Half of endangered turtles snared each year

日期:2019-04-04 06:11:03 作者:东郭噘 阅读:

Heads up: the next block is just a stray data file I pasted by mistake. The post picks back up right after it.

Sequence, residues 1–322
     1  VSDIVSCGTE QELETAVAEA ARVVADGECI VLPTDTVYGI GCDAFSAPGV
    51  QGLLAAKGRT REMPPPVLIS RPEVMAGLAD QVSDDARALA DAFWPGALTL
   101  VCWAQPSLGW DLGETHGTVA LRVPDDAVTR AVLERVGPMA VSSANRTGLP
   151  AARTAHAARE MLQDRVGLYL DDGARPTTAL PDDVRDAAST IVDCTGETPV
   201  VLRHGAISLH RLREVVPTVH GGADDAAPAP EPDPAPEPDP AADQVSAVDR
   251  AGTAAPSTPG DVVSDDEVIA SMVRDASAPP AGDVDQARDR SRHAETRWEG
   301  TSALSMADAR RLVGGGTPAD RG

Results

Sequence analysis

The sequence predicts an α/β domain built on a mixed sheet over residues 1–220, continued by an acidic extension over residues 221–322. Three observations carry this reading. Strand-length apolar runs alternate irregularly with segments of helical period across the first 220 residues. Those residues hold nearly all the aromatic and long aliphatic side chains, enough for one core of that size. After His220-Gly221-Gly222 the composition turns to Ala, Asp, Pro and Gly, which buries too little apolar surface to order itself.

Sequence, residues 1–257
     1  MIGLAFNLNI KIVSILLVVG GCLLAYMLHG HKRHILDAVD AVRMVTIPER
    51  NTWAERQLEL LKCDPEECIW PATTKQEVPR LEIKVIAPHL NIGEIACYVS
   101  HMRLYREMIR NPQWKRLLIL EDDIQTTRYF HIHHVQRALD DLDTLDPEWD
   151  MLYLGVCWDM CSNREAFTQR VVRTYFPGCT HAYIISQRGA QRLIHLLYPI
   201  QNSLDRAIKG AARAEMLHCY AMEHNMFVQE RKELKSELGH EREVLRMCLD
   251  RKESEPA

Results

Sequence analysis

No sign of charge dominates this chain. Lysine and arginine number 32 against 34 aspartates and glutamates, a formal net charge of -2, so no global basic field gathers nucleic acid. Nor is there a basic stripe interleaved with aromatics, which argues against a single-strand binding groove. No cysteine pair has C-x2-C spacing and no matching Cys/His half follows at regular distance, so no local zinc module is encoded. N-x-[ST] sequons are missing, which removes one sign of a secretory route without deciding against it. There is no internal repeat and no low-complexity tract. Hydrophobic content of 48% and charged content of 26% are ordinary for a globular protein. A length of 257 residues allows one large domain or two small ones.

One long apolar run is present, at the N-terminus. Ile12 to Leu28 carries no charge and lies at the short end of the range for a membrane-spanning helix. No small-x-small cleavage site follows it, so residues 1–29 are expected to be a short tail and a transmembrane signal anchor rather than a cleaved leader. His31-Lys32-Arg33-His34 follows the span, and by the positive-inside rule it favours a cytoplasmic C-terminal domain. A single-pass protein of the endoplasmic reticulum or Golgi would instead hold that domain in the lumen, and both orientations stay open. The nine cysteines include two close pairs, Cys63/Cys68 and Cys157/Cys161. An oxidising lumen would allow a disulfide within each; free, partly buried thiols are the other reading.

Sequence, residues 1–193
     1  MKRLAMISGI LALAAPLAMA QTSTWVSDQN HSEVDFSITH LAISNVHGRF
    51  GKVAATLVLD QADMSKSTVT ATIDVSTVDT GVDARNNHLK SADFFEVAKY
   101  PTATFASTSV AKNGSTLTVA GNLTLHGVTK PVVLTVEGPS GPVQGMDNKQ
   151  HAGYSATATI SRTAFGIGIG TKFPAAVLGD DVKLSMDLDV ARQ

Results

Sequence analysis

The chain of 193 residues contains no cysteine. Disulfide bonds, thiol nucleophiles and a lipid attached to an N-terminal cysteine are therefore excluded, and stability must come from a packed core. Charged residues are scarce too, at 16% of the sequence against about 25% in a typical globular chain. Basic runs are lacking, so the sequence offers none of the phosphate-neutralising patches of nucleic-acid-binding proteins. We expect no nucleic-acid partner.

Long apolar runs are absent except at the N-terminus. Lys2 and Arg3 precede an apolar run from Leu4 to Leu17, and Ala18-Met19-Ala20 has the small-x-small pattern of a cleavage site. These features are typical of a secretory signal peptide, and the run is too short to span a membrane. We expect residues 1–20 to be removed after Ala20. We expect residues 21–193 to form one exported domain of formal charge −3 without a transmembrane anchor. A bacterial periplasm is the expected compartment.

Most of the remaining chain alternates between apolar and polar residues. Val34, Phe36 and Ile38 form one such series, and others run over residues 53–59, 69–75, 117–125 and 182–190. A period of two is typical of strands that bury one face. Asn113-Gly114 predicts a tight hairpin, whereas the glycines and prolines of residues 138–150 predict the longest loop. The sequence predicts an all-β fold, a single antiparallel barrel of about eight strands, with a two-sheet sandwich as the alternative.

By Will Knight, Seattle (Image: Catherine McClellan) Loggerhead and leatherback turtles have only a 50 per cent chance of avoiding being accidentally snared by a deep-sea fishing line each year, a new study has revealed. This rate of capture of the endangered turtles is unsustainable, say the researchers. They are calling for the creation of “ocean wildlife reserves” maintained by tracking the turtles using satellite transmitters. Longline fishermen hunting tuna or swordfish regularly hook turtles by accident. Although turtles often hunt for food in fishing areas, until now there has been little effort to quantify the problem of so-called “bycatch”. Rebecca Lewison, Sloan Freeman and Larry Crowder of Duke University Marine Laboratory performed a survey of international turtle bycatch reports. They estimate that more than 200,000 loggerheads and 50,000 leatherbacks were accidentally caught in fishing gear worldwide during 2000. Many encounters are fatal for the turtles that swallow the fishermen’s hooks. And both loggerhead and leatherback turtle populations have already fallen by 80 to 90 per cent over the past decade as a result of habitat loss, egg poaching and predation. But the researchers believe the endangered turtles could be protected within oceanic wildlife reserves. As the turtles’ habitats are moveable, these reserves would have to move with them. The turtles follow ocean upwellings, which attract their prey, as well as the borders between warm and cold water. Ocean reserves could, however, be maintained by tracking the turtles with satellite transmitters, the researchers say. The team is already tagging turtles in order to learn more about their migrations. “In a terrestrial system, you can just draw a boundary around an important place and you have a park – in the open ocean it’s different. The habitats are 3-D and moving,” says Crowder. Graeme Hays, at the University of Wales in Swansea, UK, has also used satellite transmitters to track leatherback turtles. He says the technology has revolutionised research in this area. “Tracking technology has really come of age in the last few years,” Hays told New Scientist. “Satellite tags allow animals to be followed for a year or more and give information on the dive profiles as well as temperature. Over the last couple of years we have followed leatherback turtles wandering around the Atlantic and diving to great depths.” The Duke University team’s work was presented on Thursday at the annual meeting of the American Association for the Advancement of Science meeting in Seattle, Washington. The research will also be appear in the March issue of the journal Ecology Letters. More on these topics: